Antimicrobial susceptibility pattern of Shigella isolates in Awassa
AbstractA prospective study was conducted in Awassa, Southern Ethiopia from July 1997 to April 1998 in order to determine the antimicrobial pattern of Shigella strains. Moreover, the study was intended to form the basis of treatment guidelines for shigellosis appropriate to local conditions. In addition, the study was designed to accumulate epidemiological information on the resistance patterns of Shigella isolates of public health importance. A total of one hundred Shigella strains were isolated from 289 cultures received at the Center for Health Research and Laboratories (CHRL), collected from different health units. Ninety-nine strains were Shigella flexneri group B and one Shigella dysenteriae group A isolated. All isolates were susceptibility tested for nine antibiotics using disc diffusion technique. The result showed that 96% and 90% strains were susceptible to gentamicin and nalidixic acid respectively. High rate of resistance was particularly documented against the following antibiotics: ampicillin (93%), erythromycin (90%), and tetracycline (90%). Fifty-six percent of Shigella flexneri Group B isolates were found to be resistant to trimethoprim-sulfamethoxazole, which is one of the drugs of choice for treating shigellosis is Ethiopia. Multiple drug resistance to as many as six antibiotics, i.e. ampicillin, cephalotin, chloramphenicol, erythromycin, tetracycline and trimethoprim-sulfamethoxazole has been observed in this study. One strain of Shigella flexneri was found to be resistant to eight drugs. The findings are discussed and recommendations forwarded.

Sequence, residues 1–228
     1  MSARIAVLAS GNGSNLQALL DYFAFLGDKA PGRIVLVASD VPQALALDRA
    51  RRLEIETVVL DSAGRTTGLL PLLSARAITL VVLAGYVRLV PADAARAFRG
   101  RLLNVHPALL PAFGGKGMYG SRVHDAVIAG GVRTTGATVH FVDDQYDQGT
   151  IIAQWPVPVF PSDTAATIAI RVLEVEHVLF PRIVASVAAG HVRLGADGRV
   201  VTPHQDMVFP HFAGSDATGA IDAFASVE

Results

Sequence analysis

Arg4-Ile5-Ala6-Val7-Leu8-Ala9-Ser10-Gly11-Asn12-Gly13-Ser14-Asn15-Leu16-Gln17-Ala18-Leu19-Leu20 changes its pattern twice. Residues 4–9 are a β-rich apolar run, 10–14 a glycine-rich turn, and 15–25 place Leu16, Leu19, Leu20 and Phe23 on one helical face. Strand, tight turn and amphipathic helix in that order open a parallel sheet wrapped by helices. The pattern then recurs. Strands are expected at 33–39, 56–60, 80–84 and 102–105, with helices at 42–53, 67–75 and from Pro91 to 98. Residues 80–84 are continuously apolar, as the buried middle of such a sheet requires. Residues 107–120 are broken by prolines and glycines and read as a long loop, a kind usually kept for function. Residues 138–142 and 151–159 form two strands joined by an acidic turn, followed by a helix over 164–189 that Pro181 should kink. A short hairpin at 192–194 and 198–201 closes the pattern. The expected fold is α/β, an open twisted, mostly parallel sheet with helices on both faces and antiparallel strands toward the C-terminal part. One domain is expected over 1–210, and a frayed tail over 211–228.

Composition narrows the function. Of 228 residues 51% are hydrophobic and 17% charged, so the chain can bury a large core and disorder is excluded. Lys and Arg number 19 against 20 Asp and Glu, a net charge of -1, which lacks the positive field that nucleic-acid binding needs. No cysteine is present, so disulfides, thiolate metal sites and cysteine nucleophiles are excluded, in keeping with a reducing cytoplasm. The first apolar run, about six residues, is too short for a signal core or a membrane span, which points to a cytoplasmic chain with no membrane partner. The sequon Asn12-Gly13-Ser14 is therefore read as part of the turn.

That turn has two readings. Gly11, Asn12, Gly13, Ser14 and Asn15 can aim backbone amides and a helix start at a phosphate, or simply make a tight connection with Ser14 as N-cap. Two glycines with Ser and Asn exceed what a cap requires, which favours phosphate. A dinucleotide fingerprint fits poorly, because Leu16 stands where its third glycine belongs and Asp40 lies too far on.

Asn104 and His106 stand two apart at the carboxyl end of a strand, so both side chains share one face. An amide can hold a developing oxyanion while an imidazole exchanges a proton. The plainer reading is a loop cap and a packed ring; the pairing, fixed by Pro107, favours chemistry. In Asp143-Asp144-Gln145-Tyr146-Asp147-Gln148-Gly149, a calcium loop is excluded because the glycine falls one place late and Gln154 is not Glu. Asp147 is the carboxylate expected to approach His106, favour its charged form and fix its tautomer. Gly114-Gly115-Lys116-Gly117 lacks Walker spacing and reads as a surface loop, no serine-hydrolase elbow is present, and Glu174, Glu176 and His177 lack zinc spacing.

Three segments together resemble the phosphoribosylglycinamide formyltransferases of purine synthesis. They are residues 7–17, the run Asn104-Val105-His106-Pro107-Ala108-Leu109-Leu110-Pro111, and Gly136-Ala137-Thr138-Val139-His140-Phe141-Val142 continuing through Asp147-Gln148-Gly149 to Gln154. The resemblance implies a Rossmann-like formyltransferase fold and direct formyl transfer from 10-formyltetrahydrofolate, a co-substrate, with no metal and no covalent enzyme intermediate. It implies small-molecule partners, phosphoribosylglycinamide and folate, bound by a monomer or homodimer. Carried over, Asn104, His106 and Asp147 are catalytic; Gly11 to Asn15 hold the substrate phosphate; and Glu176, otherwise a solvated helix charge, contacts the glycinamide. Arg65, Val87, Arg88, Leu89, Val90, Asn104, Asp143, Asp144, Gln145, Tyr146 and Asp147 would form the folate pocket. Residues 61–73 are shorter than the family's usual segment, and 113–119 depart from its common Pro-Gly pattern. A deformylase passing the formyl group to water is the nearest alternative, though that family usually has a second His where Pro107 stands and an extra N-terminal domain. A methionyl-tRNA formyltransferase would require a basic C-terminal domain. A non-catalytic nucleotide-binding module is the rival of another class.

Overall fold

(Ethiopian Journal of Health Development, 2000, 14(2): 149-154)